Some of the ways to do so when we encounter new ideas involve ask­ing “How reli­able is the source of the claim?” and “Have the claims been ver­i­fied by some­body else?” Return­ing to Sagan’s work, Sher­mer offers an exam­ple of con­trast­ing sci­en­tif­ic and pseu­do­sci­en­tif­ic approaches—the SETI (Search for Extrater­res­tri­al Intel­li­gence) Insti­tute and UFO believ­ers. The lat­ter, he says, uncrit­i­cal­ly seek out con­fir­ma­tion for their beliefs, where the sci­en­tists at SETI rig­or­ous­ly try to dis­prove hypothe­ses in order to rule out false claims.

Yet it remains the case that many people—and not all of them in good faith—think they’re using sci­ence when they aren’t. Anoth­er pop­u­lar sci­ence com­mu­ni­ca­tor, physi­cist Richard Feyn­man, rec­om­mend­ed one method for test­ing whether we real­ly under­stand a con­cept or whether we’re just repeat­ing some­thing that sounds smart but makes no log­i­cal sense, what Feyn­man calls “a mys­tic for­mu­la for answer­ing ques­tions.” Can a con­cept be explained in plain Eng­lish, with­out any tech­ni­cal jar­gon? Can we ask ques­tions about it and make direct obser­va­tions that con­firm or dis­con­firm its claims?

Feyn­man was espe­cial­ly sen­si­tive to what he called “intel­lec­tu­al tyran­ny in the name of sci­ence.” And he rec­og­nized that turn­ing forms of know­ing into emp­ty rit­u­als result­ed in pseu­do­sci­en­tif­ic think­ing. In a won­der­ful­ly ram­bling, infor­mal, and auto­bi­o­graph­i­cal speech he gave in 1966 to a meet­ing of the Nation­al Sci­ence Teach­ers Asso­ci­a­tion, Feyn­man con­clud­ed that think­ing sci­en­tif­i­cal­ly as a prac­tice requires skep­ti­cism of sci­ence as an insti­tu­tion.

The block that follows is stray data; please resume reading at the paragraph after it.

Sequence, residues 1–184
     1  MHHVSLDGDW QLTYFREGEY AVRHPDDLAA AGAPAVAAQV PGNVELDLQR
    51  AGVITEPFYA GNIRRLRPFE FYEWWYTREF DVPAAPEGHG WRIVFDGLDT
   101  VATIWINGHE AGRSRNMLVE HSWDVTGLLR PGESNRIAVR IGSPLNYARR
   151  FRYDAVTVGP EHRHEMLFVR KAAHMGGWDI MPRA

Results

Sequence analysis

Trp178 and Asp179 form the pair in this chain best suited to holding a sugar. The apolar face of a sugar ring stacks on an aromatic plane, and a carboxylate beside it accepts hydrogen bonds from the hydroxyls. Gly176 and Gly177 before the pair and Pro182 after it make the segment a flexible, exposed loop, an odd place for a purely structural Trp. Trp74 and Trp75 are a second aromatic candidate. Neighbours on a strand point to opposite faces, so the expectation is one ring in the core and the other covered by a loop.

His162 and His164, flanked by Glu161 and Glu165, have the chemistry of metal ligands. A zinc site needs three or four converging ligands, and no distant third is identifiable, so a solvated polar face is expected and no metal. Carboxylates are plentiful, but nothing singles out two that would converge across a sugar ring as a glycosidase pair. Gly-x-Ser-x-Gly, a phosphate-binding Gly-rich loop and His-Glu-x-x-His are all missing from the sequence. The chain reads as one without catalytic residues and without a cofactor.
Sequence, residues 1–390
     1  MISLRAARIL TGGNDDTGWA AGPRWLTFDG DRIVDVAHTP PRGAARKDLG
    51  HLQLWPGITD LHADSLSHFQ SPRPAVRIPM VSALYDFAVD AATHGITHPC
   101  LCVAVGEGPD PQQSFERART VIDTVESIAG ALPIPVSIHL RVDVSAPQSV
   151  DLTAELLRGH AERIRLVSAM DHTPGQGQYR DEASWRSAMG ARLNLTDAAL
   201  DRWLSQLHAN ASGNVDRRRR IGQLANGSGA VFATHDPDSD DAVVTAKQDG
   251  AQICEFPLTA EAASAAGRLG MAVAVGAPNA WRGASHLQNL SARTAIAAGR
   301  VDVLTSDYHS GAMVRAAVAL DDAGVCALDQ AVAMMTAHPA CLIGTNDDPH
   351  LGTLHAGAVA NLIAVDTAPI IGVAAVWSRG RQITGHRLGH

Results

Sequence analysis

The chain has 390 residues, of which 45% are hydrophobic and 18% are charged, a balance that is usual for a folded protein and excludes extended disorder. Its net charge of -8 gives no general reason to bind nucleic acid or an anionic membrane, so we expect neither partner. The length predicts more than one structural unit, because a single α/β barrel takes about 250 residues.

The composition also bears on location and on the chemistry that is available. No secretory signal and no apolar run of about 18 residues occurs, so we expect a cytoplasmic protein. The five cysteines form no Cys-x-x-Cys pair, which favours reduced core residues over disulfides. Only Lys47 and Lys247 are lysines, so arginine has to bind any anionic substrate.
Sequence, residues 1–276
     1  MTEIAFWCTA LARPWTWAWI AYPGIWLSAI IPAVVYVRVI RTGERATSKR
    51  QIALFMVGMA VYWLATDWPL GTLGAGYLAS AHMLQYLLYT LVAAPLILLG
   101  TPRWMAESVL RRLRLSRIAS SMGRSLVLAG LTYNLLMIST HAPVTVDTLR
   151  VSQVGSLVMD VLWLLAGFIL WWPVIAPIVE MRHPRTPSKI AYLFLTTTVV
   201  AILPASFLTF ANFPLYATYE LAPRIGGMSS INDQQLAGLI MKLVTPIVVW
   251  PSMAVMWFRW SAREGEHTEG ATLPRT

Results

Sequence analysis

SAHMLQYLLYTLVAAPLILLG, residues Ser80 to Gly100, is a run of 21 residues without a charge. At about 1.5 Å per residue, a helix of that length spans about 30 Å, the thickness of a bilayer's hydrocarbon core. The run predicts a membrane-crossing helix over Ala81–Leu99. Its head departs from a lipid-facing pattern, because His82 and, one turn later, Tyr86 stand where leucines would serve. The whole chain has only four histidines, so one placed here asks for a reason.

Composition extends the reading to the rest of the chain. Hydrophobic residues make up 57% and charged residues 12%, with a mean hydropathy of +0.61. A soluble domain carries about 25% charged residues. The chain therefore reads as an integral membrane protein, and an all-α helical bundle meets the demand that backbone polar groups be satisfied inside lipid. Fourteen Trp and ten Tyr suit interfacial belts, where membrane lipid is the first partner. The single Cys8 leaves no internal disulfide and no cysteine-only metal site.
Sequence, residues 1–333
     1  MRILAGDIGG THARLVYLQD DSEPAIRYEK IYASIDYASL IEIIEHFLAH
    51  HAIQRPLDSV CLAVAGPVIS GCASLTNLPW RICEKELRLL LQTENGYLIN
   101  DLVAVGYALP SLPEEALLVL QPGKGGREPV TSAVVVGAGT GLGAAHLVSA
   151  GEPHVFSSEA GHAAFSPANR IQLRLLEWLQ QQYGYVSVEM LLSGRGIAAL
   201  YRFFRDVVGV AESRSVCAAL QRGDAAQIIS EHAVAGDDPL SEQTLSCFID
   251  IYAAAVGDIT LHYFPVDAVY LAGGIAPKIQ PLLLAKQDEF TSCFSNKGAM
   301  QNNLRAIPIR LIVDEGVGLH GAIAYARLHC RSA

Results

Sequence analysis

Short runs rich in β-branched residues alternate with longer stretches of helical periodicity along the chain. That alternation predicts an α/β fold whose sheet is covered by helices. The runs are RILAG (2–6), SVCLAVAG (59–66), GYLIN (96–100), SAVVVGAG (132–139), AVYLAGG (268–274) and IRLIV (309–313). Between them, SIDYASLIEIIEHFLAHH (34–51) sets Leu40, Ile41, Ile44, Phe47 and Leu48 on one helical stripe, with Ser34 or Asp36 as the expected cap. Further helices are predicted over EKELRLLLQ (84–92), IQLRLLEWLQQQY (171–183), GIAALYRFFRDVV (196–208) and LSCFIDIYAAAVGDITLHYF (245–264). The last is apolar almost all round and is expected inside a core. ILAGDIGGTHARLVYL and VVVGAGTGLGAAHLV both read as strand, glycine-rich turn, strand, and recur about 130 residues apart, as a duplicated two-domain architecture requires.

“Sci­ence is the belief in the igno­rance of experts,” says Feyn­man. “If they say to you, ‘Sci­ence has shown such and such,’ you might ask, ‘How does sci­ence show it? How did the sci­en­tists find out? How? What? Where?’” Ask­ing such ques­tions does not mean we should reject sci­en­tif­ic con­clu­sions because they con­flict with cher­ished beliefs, but rather that we should­n’t take even sci­en­tif­ic claims on faith.

For elab­o­ra­tion on Sher­mer, Sagan and Feyn­man’s approach­es to telling good sci­en­tif­ic think­ing from bad, read these arti­cles in our archive:

Carl Sagan Presents His “Baloney Detec­tion Kit”: 8 Tools for Skep­ti­cal Think­ing

Richard Feyn­man Cre­ates a Sim­ple Method for Telling Sci­ence From Pseu­do­science (1966)

Richard Feynman’s “Note­book Tech­nique” Will Help You Learn Any Subject–at School, at Work, or in Life

Michael Shermer’s Baloney Detec­tion Kit: What to Ask Before Believ­ing


Josh Jones is a writer and musi­cian based in Durham, NC. Fol­low him at @jdmagness

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  • Jan says:

    I like the bit around the one minute mark with the danc­ing indi­ans and mr sher­mer talks about super­sti­tion. I believe I may even see a pat­tern there, but that may just be me.

  • Ben David says:


    It’s the Glob­al warm­ing *skep­tics* that are fid­dling with the data?
    And the “sci­ence is set­tled” — rather than cit­ing that issue as an exam­ple of ongo­ing sci­en­tif­ic debate?

    Stopped watch­ing right there…

  • jkop says:

    It’s not just “danc­ing indi­ans” but a dance rit­u­al which is an exam­ple of human super­sti­tion. Note that Sher­mer talks of human super­sti­tion (not super­sti­tious danc­ing indi­ans).